The Land Where the Blues Began (1979)

    Land Where Blues

    Expanded original. In 1978 Alan Lomax, John Bishop, and folklorist Worth Long set out to make a film in Mississippi that would be the equivalent of Lomax's classic LP, Blues in the Mississippi Night. With collaboration from Paula Tadlock and the Mississippi PBS station, they shot thirty-plus hours of blues singers, railroad crews, storytellers, church services, and picnics. This was edited into an hour-long program televised in Mississippi in 1980 and later restructured to fit the format of the American Patchwork series that aired on PBS in 1991. This is the original version, before it was edited for television, with more music and less narration, with sections omitted from the edit, 40 minutes of additional musical performances; the 30-minute first edit of the levee camp workers talking; a film about making the film based on John Bishop's 1978 journal that follows the chronology of the trip; a transcript of the film; and several articles in PDF format.

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    Rythms of the Earth

    Rhythms of Earth

    Survey the dazzling variety of dance, music, costume and public presentation of culture around the world with Dance and Human History, Step Style, Palm Play, and The Longest Trail by Alan Lomax and Forrestine Paulay. CINE Golden Eagle Awards, Dance Film Festival Awards, Margaret Mead Film Festival honorees.

    These four Choreometrics teaching films strikingly depict the patterns of movement that animate and distinguish cultures. Choreometrics, a decades-long research effort to develop an appropriate descriptive language for dance and movement at a cross-cultural level, was one of several studies of the world's diverse aesthetic patterns, measuring how variables of performance style cluster geographically and in relation to climate, subsistence, and fundamental aspects of social organization. Choreometrics has special meaning for a generation of ethnographic and documentary filmmakers who contributed their work to this global sample of dance, because it is one of a handful of efforts to discover meaning in documentary film footage beyond the story a filmmaker constructs. "We regard the vast, endlessly provocative, prejudice-laden, existing sea of documentary footage as the richest and most unequivocal storehouse of information about humanity. We come to it with an observational approach like that used by the ordinary person in everyday life, enabling him or her to differentiate constantly between different classes of visual experience" (Alan Lomax, 1976).

    This DVD features high-resolution Telecine transfers of the four original films, making them available for the first time in a decade. Choreometrics is contextualized and further explained in the supplementary videos and texts included in the package:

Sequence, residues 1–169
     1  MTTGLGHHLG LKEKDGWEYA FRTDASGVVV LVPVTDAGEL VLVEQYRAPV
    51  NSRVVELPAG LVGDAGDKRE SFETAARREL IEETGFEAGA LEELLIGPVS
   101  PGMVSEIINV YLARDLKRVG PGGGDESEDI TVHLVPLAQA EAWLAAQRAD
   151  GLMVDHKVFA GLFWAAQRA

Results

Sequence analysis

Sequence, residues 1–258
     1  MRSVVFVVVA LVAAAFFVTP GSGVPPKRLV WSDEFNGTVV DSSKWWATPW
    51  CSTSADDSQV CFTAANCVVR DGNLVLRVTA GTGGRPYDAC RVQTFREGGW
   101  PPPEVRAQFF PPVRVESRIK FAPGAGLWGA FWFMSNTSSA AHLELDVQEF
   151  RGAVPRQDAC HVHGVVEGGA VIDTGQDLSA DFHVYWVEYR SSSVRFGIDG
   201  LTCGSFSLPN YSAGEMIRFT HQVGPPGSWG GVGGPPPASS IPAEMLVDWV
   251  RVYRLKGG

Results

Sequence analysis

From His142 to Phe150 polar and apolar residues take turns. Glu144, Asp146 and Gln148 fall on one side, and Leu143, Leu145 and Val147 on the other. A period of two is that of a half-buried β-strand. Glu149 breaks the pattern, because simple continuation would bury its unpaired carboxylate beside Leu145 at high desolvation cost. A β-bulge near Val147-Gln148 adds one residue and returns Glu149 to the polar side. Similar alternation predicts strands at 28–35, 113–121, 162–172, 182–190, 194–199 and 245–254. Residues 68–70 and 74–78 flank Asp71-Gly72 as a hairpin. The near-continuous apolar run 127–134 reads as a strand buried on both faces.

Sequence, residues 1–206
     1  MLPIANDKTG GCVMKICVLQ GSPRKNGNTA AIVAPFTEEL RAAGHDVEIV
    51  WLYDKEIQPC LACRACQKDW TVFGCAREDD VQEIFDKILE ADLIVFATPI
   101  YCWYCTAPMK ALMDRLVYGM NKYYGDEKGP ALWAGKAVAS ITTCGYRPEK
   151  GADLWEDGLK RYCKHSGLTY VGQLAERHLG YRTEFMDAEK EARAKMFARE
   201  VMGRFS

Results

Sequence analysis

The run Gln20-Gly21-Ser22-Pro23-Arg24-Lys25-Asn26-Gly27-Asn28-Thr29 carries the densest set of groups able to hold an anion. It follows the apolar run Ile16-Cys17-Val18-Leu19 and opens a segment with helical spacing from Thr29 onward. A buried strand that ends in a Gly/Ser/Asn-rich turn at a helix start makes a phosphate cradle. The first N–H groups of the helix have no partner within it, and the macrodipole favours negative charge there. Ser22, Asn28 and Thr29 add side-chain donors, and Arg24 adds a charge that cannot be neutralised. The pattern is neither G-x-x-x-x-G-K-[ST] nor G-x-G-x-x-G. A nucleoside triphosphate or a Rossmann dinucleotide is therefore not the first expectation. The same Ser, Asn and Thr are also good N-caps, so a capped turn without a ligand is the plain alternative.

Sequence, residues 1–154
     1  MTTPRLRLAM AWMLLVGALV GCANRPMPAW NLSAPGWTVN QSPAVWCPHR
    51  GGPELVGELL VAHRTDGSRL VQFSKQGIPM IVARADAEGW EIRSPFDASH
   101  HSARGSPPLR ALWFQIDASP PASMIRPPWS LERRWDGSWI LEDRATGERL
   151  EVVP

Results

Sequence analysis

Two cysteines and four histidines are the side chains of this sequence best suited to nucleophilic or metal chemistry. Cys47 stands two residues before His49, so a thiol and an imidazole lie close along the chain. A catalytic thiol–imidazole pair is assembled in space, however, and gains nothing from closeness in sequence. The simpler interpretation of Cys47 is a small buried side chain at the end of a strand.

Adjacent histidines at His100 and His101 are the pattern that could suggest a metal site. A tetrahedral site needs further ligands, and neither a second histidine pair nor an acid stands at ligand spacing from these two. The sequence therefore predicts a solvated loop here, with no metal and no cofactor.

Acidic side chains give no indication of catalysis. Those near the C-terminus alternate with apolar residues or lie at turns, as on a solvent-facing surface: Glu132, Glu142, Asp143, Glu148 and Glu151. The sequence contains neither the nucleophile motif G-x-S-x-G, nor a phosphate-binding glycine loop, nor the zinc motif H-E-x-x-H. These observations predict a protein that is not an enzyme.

• Dance & Human History (1974) examines two key parameters in the Choreometric study — trace forms and articulation of the torso — and shows how they may be related to geographical factors, technology, and basic forms of subsistence. (40 min.)
    • Step Style (1977) looks at the way the feet and legs are used in dance and work and how this may relate to cultural patterns. (30 min.)
    • Palm Play (1977). In some parts of the world people dance with their palms covered or turned in from sight while others openly present their palms to view. This film offers a novel explanation of the symbolism and cultural determinants of a universal dance element: palm gestures. (30 min.)
    • The Longest Trail (1986). This exploration of Native American dance traditions features more than 50 dances and recounts one of the great human adventures: the settlement of the New World by Siberian peoples coming across the Bering Straights land bridge 12,000 years ago. (60 min.)


    Special Features

    Screening Room: Alan Lomax (1974). Ethnographic filmmaker Robert Gardner interviews Alan Lomax about Dance & Human History. (34 min.)

    Short film illustrating the Global Jukebox. (1993, 10 min.)

    Interview with choreographer and dance analyst, Forrestine Paulay, on the perspectives and methodology of the Choreometrics system of dance and movement analysis. (2006, 17 min.)

    Conversation with Michael Del Rio, programmer of the Global Jukebox, and anthropologist and biostatistician, Michael Flory. (2006, 22 min.)

    Interview with Michael Flory on the statistical methods used in the Performance Style studies and the greater scope for such work today. (2008, 16 min.)

    PDF documents (177 pages):

    • Transcription of Screening Room interview.
    • Teaching Guide for The Longest Trail by Alan Lomax and Forrestine Paulay.
    • "Performance Style Research" by Anna L. Wood. Contexualizes the Choreometrics project. Extensive bibliographies.
    • "Choreometrics and Ethnographic Film" by Alan Lomax.
    • "Toward an Ethnographic Film Archive" by Alan Lomax.
    • "Alan Lomax: a Remembrance" by John Bishop.

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    Oss Tales

    Oss Tales DVD cover

    Padstow, a fishing village on the coast of Cornwall, celebrates May Day with a unique custom: two osses (hobbyhorses) dance through the town streets accompanied by drums and accordions. All Padstownians participate in this exciting event, which has now become a tourist attraction drawing over 30,000 visitors. This highly entertaining collection includes four films exploring older and contemporary manifestations of this jolly event. (All-region dual-sided NTSC/PAL DVD)